Carnaval Sztukmistrzów is an unforgettable festival that brings joy and fun to everyone who attends. This magical event, featuring outstanding performances and unique artists, brims with excitement and cheer. Magdalena Olbromska interviewed two talented street performers: Mark Beltran (Magic Mark) and Andrea Mineo (Andy Spigola), who presented their original shows: „Magic Mark Show” and „Boato”.
Magdalena Olbromska: Are you enjoying the festival so far?
Mark Beltran: The festival is great! I did two shows yesterday. It’s my second time performing here. I’m thrilled to be a part of this project. I love returning to Lublin because the people in this city are amaizing.
Why did you decide to make a living doing magic?
My oldest brother was the first person I saw doing magic. I decided to follow his passion because I realised that people would like me as much as him, which was very important to me. We performed some tricks for our family, and everyone loved it. To be honest with you, I’m a shy person. Magic helped me find the perfect way to communicate with people.
And what do you like the most about performing on the street?
My heart is in the streets; it’s where I started. I like the freedom of travelling and working at the same time.
Don’t you think that performing on the street is more challenging than performing on a stage ? For one thing, it requires more effort and commitment. You must be able to cope with unpredictable weather and entertain audiences of different ages. Keeping both adults and children engaged must be difficult…
You are right, it is challenging, but mostly because everything is unpredictable and constantly changing. There are many distractions on the street, but coping with them makes you a more powerful performer. In a setting like a theatre, people are seated, waiting for the show to begin. In the street, anyone can walk away at any time. It is challenging to make them stay and, even more so, to pay after the show.
Is it easier for you to learn new magic tricks now than in the beginning of your career?
It depends on the magic trick. When you learn magic in general, you use the same philosophy or the same hand and finger techniques and mix them up to get satisfying results. So basically, yes, my knowledge and experience make it easier for me to pick up new tricks.
You travel a lot. How does that affect at your work?
Well, travelling the world has always been my biggest passion. After graduating from university in my early twenties, I had no immediate plans, so I took a short trip to Australia. While there, I once saw a street performer doing a show. I was amazed because I had never seen a busker before. People were clapping and laughing, making me happy for the artist. Everyone was having a great time, and it was nice to see the audience appreciate the artist for her effort and creativity. And then, suddenly, everything started to make sense. People often say that when you are young, you have time but no money; conversely when you are older, you have money but no time. I came to understand that street performing can provide both travel and money.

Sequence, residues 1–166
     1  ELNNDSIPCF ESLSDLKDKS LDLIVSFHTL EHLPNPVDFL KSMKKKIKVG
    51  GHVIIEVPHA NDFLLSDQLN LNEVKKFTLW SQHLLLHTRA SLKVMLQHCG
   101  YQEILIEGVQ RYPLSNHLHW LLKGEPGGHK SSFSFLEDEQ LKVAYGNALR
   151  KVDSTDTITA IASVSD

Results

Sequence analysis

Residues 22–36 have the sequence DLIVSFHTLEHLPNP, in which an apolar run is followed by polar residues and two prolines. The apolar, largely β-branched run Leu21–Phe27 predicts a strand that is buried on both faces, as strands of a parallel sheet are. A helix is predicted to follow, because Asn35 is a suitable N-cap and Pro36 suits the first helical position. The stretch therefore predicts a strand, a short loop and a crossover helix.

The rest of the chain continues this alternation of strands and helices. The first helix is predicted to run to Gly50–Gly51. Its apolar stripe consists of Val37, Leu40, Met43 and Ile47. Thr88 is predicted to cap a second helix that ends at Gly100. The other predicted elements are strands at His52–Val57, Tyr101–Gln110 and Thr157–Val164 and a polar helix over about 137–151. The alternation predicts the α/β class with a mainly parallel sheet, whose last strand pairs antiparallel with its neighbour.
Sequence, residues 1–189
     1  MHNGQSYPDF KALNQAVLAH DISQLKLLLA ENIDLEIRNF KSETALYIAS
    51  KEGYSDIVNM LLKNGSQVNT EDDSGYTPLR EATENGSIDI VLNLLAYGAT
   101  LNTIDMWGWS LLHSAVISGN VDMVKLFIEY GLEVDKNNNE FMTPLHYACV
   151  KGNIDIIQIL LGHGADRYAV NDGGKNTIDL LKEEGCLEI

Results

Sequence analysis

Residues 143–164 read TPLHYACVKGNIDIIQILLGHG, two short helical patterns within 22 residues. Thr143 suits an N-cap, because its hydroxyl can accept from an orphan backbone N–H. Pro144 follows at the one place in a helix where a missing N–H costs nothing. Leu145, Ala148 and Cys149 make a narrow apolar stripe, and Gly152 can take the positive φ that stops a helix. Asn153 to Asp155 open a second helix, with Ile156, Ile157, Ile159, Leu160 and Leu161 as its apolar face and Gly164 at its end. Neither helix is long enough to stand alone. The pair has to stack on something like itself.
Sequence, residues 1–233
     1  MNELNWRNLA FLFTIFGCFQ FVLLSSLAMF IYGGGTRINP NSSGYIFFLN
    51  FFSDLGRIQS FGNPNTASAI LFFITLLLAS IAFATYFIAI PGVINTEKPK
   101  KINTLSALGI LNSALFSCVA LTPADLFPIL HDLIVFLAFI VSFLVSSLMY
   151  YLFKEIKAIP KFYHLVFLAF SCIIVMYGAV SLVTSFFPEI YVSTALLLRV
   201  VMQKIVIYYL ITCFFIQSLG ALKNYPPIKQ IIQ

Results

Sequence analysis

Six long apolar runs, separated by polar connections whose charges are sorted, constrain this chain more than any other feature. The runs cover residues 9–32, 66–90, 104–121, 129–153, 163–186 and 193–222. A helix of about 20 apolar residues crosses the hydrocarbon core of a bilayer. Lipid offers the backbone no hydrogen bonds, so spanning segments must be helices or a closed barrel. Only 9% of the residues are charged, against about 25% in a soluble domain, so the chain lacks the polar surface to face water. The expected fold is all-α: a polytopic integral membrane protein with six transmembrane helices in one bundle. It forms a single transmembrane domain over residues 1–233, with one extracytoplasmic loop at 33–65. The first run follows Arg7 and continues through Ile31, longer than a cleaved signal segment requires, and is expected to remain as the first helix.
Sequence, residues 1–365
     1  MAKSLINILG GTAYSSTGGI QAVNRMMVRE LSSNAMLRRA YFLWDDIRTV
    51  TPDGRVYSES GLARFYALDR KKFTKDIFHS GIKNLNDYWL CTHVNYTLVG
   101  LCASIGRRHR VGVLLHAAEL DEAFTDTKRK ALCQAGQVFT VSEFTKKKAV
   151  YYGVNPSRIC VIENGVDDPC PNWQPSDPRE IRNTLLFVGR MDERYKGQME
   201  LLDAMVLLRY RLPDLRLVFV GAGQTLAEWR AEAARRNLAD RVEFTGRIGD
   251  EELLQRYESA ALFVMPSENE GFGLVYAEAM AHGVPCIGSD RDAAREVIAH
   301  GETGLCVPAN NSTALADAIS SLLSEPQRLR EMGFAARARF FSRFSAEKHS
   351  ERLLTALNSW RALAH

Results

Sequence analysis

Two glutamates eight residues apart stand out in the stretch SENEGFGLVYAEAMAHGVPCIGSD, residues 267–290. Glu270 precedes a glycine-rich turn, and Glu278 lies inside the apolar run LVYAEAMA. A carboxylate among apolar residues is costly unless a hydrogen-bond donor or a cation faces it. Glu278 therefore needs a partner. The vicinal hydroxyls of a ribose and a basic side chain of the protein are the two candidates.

It’s fantastic that you have managed to find something that makes you happy and satisfied. And what inspires you to create new shows?
My inspiration comes from life. I’ve been performing the same show for a long time. Most of my tricks remain the same, but the structure of the show changes every time I travel. That’s because working in Poland, Canada, or Japan is entirely different, and you must adapt the show to a specific audience. My new show is based on a personal tragedy – I lost my eye in 2016. After what happened, I lost my strength and sense of independence. I wasn’t sure if I would ever be able to perform again. However, years later, I understood that every negative experience could become positive if it inspires at least one person in the world.
What message do you wish to convey to Carnaval Sztukmistrzów’s audience through your show?
Never give up. Follow your passion and dreams. Always appreciate what you have, learn from life lessons, and live your life with an open heart and mind.
That’s very profound. Okay, last question. What are your plans for the rest of the year?
Actually, because of the pandemic, which left me grounded in the Philippines with no work or travel opportunities, I gradually changed my career path and started teaching yoga. Initially, I did it more for myself than for anyone else.
It’s great to hear you found some peace in that difficult time.
I did. It also allowed me to release all the tension in my body. My life isn’t easy: I travel a lot and run from one airport to another. I perform two shows during the day, travel to another location and repeat the process the next day. It takes a lot of energy. I’m kind of used to burning it all up. I experienced anxiety and frustration since this energy had been trapped inside me for a while. Taking up yoga helped me deal with it. Eventually, I opened my home to students. Many people visit me, and we do yoga together.
Getting back to your question, I will be on tour with my show in the coming months, and I’ll focus on meditation and training in my downtime.
I think you are doing great as a yoga teacher, because your calmness got me, even though, as I presume you must be excited about your upcoming performances at the festival. I’m looking forward to seeing your show. Good luck with all your plans and thank you very much for the interview.
Yes, I’m very excited! Thank you as well.